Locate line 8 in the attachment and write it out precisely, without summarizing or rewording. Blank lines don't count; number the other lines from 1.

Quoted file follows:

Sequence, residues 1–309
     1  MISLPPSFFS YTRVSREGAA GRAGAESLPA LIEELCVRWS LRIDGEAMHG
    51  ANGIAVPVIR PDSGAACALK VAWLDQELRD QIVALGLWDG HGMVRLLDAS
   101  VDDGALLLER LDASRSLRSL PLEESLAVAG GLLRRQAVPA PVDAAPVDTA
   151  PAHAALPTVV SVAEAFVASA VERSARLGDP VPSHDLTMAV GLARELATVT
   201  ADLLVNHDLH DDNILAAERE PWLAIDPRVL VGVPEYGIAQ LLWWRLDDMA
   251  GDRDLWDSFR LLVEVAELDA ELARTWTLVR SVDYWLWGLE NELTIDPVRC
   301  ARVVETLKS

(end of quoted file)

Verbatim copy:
   301  ARVVETLKS